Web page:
Often you hear the term PLN, but don’t even know how to begin developing one. You have friends who use Twitter and say it is the perfect PLN solution. Others claim Facebook does it, still others proclaim educational nings put you in a readily built up PLN and then others point to blogs.
Building a PLN
- RSS Readers
- Online Live programmings (aka Edtech Talk, K12Online live events, impromptu Ustreams, etc
Now certainly these activities can immerse you in arenas filled with educators who stretch or challenge your thinking, and also impassion you to get in the mix, whatever avenue you choose. You do not have to use them all either.
My start in PLNs
When I think back to my beginning, I chose blogs as my entry into cultivating a PLN. I was reading a few blogs–not many. And they were definitely my content area focused–school libraries. I read almost religiously Joyce Valenza (back when she was using Edublogs as a platform) and Doug Johnson at his Blue Skunk Blog. But I just visited directly daily, checking for new content. As I read their posts and comments, my list began to grow of who to check daily. Why? The commenters often had blogs too, and I would click through to their blog to see what they had to say too. This is when I discovered an rss reader/feeds and the beauty behind checking one site (my reader) and no longer have to check daily by visiting those favored bloggers’ sites. The conversations going on captivated me, and soon I discovered I enjoyed commenting back to the blogger or the other commenters, and quickly began to recognize names–names that I grew to respect, names that I watched for on other blogs, names that grew to recognize my name.
Looking for more voices
I share all this because once I figured out what the RSS reader could do–manage my blog feeds–I began to search for and add other voices. I didn’t know many beyond my own focus area of school libraries. Then a few years ago (2005), one of those library focused blogs (JoyceValenza) won the Library Blog Category for the Edublogs Awards. Funny, I had not even realiezed nominations were goingon, but DID see a slew of listd blogs deemed as wonderful or “best of best” in their respective categories. Suddenly I had a voices to add to my reader, and they were not just school library focused. I very much enjoyed these new to me voices too. Many have joined the ranks of what consider to be my PLN.
Solution: The Edublog Nominations/Awards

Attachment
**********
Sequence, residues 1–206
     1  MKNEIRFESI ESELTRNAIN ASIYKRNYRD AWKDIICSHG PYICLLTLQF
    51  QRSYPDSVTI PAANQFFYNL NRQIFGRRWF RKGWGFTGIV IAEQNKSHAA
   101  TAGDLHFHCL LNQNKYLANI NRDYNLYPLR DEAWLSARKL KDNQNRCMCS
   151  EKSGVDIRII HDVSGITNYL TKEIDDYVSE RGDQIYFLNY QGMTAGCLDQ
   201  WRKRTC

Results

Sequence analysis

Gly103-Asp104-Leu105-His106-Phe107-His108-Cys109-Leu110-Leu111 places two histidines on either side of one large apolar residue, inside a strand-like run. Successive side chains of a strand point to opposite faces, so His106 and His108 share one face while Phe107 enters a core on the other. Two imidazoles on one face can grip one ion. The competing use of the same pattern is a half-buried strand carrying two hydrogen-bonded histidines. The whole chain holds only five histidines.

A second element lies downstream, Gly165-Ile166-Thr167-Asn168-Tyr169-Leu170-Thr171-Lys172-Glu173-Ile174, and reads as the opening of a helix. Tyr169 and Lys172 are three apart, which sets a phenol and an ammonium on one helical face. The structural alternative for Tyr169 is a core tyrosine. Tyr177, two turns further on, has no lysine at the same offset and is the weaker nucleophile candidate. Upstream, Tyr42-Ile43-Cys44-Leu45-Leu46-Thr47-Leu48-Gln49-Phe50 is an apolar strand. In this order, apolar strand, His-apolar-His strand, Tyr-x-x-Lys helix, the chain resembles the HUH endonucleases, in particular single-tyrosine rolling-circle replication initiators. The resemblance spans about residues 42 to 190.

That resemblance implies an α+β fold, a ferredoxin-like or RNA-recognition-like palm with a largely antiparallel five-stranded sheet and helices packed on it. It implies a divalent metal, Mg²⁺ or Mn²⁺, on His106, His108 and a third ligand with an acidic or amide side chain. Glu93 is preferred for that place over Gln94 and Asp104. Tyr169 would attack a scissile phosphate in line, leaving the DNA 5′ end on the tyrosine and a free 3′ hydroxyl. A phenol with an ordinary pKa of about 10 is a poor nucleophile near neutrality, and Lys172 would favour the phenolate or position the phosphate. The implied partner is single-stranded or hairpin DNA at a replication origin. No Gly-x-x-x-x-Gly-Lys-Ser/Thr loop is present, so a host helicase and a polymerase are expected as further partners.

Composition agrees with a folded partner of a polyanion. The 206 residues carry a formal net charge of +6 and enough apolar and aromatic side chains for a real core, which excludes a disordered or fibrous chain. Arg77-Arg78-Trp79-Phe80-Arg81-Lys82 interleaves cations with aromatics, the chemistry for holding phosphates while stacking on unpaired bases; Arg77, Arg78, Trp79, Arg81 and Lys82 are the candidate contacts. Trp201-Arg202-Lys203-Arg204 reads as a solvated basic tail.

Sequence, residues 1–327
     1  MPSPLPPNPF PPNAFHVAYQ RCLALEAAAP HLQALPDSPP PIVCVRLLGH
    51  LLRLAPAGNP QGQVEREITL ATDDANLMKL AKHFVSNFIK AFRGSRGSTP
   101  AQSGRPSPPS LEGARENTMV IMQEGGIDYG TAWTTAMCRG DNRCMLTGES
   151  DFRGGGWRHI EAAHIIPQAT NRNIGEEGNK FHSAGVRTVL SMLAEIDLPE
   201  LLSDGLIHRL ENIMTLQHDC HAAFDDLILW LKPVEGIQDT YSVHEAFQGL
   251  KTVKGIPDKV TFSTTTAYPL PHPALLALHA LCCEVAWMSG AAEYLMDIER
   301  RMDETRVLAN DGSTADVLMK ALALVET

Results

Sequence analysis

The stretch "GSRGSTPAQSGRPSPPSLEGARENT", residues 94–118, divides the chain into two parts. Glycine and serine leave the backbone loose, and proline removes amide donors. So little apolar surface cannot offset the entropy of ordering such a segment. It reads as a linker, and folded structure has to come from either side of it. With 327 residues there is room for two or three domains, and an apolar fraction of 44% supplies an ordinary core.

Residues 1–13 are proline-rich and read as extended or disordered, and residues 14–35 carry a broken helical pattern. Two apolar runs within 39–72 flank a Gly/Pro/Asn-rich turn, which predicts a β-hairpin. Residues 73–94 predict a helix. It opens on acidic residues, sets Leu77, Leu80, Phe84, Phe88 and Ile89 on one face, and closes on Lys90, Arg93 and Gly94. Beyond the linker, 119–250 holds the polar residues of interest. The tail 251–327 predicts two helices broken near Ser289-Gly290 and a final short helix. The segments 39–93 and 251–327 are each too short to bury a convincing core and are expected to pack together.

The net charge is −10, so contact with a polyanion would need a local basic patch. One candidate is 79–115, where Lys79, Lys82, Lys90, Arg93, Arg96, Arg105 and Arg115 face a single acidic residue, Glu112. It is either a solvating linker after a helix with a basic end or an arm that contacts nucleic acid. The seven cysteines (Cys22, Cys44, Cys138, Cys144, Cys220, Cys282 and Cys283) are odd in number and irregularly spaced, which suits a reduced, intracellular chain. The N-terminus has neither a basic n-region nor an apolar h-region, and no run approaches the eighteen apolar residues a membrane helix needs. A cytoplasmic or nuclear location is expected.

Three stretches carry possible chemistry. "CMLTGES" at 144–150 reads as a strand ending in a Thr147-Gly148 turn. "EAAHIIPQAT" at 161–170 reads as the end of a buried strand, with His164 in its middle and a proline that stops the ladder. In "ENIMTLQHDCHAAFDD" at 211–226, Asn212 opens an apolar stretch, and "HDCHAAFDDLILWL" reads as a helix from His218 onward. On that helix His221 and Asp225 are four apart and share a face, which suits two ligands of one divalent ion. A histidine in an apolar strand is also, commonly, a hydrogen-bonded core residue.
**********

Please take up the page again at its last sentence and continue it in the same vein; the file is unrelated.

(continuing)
Now each year, I wait for the Edublog Nominations. I throw my own picks into the mix, and have been pleasantly surprised to find some of my very nominations on the ballot. When the ballot is posted, I skim through, and link out to the blogs, especially the ones I’m not familiar with. In my reader I create a category/folder called Edublogger, and add the feeds for all the nominees. Then I sit back and read their content straight from the reader. If they do not appeal to me after a month or so, I unsubscribe. The remaining I move over to another category in my reader, like school librarians, education, administrators, etc. It’s a great way to get introduced to voices you were not familiar with before. Its also a way to get into the mix of interacting and discussing topics you are passionate about, and becoming friends (PLN members) with people you may never see face to face.
Check it out
Where is this magical site that helped me develop my now too full reader? It the Edublog Awards page, a blog in itself too, and now in its sixth year of recognizing outstanding blogs. Read all about the nomination process, and if you are a blogger and feel inspired, write a post nominating your own favorites. The categories are broader this year, and even contain an element of fun with a couple of Twitter categories. Don’t use Twitter? That’s okay. You don’t have to nominate for every category. Nominate for categories you feel knowledgeable about and have a passion for.
Passion behind the post today goes to….
I must also credit this post to Sue Waters, who held an Elluminate session tonight to discuss the award program, and freely answered questions that she could, encouraging those in the chat room to ask or offer insights, either via chat or microphone. While I could not “use a mic” tonight, I did get into the conversation there using chat, and it spurred my thinking right into a blog post. Thanks Sue.
Image: ‘RSS Diagram‘
Image: ‘Sue Waters and Blog‘